Isolated findings of resistant rootworms in Iowa emphasize that planting a refuge is more critical than ever for maintaining the durability of Bt corn, said Christian Krupke, a Purdue Extension entomologist.
Bt corn does not kill all larva that feed upon it, and very slight feeding damage from corn rootworm is typical, said Christian Krupke. But after researchers at Iowa State University were alerted to high levels of feeding damage in some fields, they began to test Bt corn hybrids that expressed the Cry3B1 toxin. They found that rootworms from those fields were able to survive exposure in the lab. Currently, other Bt toxins appear to be effective against the pest.
The most important thing corn growers can do in the future is follow refuge guidelines, Krupke said. Refuges develop a population of susceptible adults and allow mating between those and any potentially resistant beetles that emerge from Bt plants. Compliance with refuge recommendations has declined in recent years.
“The refuge is crucial as the Bt hybrids do not kill all larva; some will inevitably become adults. We don’t want those survivors to mate with one another and pass on the traits that helped them survive,” Krupke said. “By limiting the number of mating adults we have, we can hopefully dilute the genetics of these resistant individuals and prevent the population from becoming resistant.”
Ron Hammond and Andy Michel, Ohio State University Extension entomologists, have been looking into the resistance developing in the western corn rootworm to one of the Bt proteins and what this means, if anything, for Ohio growers. They also highlighted a few new Bt choices that have come on the market.
“There are two new hybrids from Syngenta, Agrisure 3220 and Agrisure 3122. Agrisure 3220 was released earlier this year. Agrisure 3220 is a stacked hybrid with Cry1Ab, Cry1F, and Vip3A Bt proteins providing resistance to many of the various lepidopteran (above-ground) pests, including the western bean cutworm. This product does not offer control of rootworms,” the entomologists wrote in a recent OSU CORN Newsletter.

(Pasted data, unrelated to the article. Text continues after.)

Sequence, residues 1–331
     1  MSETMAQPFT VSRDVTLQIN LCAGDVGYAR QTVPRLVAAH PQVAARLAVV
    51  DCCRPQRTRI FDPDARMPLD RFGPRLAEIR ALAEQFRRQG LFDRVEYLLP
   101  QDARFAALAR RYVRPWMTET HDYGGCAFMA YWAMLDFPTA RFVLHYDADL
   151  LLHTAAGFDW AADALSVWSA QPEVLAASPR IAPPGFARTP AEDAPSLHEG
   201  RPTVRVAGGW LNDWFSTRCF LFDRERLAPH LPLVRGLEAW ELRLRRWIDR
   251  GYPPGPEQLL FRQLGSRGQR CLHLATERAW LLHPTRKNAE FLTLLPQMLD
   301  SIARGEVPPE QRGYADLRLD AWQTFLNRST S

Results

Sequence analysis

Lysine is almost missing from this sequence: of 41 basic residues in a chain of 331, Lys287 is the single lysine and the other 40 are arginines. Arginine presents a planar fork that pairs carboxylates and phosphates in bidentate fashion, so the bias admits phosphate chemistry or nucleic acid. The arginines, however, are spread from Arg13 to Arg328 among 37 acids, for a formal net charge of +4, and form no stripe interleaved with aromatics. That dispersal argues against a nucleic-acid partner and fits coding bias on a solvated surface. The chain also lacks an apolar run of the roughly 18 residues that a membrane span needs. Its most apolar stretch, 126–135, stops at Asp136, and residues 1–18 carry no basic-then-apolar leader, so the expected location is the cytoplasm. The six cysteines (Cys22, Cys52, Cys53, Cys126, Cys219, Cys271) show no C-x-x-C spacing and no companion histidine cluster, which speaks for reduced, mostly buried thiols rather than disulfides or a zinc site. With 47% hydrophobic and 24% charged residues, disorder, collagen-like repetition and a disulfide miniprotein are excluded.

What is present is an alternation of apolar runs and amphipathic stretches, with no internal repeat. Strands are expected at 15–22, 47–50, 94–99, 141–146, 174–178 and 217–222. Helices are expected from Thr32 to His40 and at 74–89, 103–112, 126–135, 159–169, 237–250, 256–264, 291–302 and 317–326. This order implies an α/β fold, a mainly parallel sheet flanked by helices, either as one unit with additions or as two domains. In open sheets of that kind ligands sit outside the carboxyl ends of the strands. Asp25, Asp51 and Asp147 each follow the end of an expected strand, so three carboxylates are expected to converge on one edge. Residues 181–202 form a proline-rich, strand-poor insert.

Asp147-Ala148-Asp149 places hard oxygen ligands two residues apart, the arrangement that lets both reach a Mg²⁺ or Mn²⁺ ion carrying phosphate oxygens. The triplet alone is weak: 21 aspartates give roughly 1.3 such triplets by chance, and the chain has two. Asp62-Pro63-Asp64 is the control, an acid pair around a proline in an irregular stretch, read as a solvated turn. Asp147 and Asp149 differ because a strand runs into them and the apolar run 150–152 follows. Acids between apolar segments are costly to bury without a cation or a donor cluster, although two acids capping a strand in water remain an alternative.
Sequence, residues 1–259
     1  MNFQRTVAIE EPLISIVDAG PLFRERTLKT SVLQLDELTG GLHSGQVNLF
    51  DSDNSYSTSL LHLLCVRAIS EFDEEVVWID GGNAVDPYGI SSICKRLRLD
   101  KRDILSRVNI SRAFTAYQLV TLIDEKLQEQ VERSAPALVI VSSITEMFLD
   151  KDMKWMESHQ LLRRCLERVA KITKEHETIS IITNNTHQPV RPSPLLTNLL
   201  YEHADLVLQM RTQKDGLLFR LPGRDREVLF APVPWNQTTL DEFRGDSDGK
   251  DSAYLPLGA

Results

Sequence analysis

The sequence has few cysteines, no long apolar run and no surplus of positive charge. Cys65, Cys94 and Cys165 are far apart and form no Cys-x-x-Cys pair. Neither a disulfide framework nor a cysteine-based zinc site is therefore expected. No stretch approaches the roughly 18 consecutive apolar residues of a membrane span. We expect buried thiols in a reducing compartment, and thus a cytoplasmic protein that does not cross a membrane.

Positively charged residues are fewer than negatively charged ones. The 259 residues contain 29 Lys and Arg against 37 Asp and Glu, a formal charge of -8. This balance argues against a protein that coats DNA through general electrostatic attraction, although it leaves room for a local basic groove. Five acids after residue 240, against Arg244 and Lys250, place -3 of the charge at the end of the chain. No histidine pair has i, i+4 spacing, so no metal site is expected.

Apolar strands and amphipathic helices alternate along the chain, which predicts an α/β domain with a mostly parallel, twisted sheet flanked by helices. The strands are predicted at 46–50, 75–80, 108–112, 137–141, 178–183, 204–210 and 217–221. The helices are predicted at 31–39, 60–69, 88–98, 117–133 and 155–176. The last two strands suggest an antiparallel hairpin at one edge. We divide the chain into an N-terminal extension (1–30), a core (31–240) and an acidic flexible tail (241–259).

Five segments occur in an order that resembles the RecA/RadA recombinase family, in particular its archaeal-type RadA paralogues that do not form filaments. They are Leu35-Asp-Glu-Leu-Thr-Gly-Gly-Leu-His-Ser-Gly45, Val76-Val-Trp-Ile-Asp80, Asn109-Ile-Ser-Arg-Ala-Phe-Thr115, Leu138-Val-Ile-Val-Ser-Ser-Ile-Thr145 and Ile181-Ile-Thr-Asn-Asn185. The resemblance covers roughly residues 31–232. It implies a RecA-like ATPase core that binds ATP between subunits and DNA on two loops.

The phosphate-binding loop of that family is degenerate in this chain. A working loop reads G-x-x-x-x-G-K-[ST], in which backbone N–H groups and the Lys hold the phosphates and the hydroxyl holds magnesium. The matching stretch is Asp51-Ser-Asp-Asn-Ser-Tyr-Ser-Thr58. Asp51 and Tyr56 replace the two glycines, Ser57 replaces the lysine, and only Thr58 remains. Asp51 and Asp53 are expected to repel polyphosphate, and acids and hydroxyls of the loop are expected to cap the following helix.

“Only a 5% structured refuge is required (this product is not refuge-in-a-bag). The second, newer product is Agrisure 3122, which contains the Cry1Ab, mCry3A, Cry1F, and Cry34/35Ab1 Bt proteins offering control of both the above-ground lepidopteran pests along with corn rootworms. This product will be marketed as Agrisure 3122 Refuge Renew trait stack requiring only a 5% structured refuge. We would mention that Syngenta has submitted a 5% blended refuge-in-a-bag version of Agrisure 3122 for EPA approval.”
Pioneer is offering a second group of options in addition to their Optimum AcreMax 1 and Optimum AcreMax RW, the latter being a refuge-in-a-bag product for rootworm. “They have recently released two new products, Optimum AcreMax, containing Cry1F and Cry1Ab for lepidopteran or above-ground insect control, and Optimum AcreMax Xtra which includes those same two proteins as well as Cry34/35Ab1 for control of corn rootworms. Both Optimum AcreMax and AcreMax Xtra are integrated (refuge-in-a-bag) refuge products. No separate refuge is required,” Hammond and Michel wrote. “A major difference that growers should be aware of is that while Optimum AcreMax has a 5% integrated refuge, Optimum AcreMax Xtra has a 10% integrated refuge because of the addition of the genes for rootworm control. However, because the refuges are in the bag, no differences in planting will be evident. You open the bag and plant.”
The Bt transgenic corn hybrid table on OSU’s agronomic crops insects website (http://entomology.osu.edu/ag/) has been updated. The table, developed and updated by Eileen Cullen, University of Wisconsin, and Chris Difonzo, Michigan State University, can be found under the corn subheading. Although the table is as updated and accurate, the entomologists still urge growers to discuss the various Bt hybrids with their seed dealers for proper use.